Spratly Rivals Forswear Use of Force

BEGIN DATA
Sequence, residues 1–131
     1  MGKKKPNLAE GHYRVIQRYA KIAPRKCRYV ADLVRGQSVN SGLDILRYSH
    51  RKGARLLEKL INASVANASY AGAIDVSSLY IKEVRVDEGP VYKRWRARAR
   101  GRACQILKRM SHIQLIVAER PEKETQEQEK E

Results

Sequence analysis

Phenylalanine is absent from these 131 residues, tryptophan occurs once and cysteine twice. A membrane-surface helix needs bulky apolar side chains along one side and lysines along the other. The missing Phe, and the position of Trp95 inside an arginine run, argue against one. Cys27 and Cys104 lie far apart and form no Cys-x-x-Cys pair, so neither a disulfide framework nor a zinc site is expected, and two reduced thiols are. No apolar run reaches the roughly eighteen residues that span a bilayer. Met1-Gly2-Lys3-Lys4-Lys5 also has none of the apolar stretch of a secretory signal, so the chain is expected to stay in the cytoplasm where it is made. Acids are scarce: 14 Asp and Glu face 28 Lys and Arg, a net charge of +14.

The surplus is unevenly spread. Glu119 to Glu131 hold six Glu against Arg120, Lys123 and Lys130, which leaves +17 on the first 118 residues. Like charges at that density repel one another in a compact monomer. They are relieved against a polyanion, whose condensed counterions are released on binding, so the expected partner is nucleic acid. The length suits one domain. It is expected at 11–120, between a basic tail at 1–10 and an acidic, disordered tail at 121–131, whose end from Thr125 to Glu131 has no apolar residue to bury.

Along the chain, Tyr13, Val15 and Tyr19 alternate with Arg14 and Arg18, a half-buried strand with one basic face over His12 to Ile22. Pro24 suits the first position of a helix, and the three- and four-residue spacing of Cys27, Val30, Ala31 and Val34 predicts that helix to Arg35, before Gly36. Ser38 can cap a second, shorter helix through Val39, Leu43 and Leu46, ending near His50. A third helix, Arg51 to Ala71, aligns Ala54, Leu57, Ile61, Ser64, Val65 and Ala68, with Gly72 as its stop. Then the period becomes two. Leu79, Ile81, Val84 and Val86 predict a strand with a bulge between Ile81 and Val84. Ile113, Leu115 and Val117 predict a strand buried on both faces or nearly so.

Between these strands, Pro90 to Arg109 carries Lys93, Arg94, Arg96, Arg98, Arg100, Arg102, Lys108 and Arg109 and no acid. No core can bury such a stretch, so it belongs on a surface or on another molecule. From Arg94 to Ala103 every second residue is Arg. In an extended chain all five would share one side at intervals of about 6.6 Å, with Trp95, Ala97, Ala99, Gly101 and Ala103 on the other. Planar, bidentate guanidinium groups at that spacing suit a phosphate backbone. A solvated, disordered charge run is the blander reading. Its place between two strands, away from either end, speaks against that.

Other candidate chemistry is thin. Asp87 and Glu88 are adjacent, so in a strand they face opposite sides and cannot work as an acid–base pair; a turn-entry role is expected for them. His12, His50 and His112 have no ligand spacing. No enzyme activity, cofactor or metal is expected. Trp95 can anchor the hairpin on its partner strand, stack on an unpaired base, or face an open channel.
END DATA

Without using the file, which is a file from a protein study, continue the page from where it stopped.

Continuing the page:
SIX Asian countries, squabbling over the Spratly Islands in the South China Sea, say they will resolve peacefully disputed claims to the area's potentially rich oil and gas reserves.At a conference held last week in Bandung, Indonesia, claimants China, Vietnam, Taiwan, Malaysia, the Philippines, and Brunei agreed not to use force and to put the territorial dispute on the back burner. Three years ago, the rocky atolls were the scene of clashes between troops from rivals China and Vietnam, raising fears that the islands could be a future flash point in Southeast Asia. The 1988 fighting left at least 70 Vietnamese dead and resulted in the sinking of two of Hanoi's ships. Chinese casualties are not known. "Any territorial and jurisdictional dispute in the South China Sea area should be resolved by peaceful means through dialogue and negotiation. Force should not be used," a joint statement said. The dispute over the Spratlys, believed to be the site of extensive oil and gas reserves set amid strategic shipping lanes between the Indian and Pacific Oceans, rekindled recently when Malaysia launched tourist development on Terumbu-Layang-Layang, one of the hundreds of land bits, sandbars, and coral reefs. The multinational conference on the Spratlys was called after Chinese President Yang Shangkun reasserted Beijing's "undisputable sovereignty" over the area. Officials from 10 Asian countries attending the meeting also agreed to cooperate in protecting the islands' fragile environment and said the ownership dispute would complicate the handling of an environmental disaster. Taiwanese delegates accused Japan, which was barred from the meeting, of posing the biggest environmental threat. Japan is shipping spent nuclear fuel through the area en route to Britain and France for reprocessing, the delegation said.

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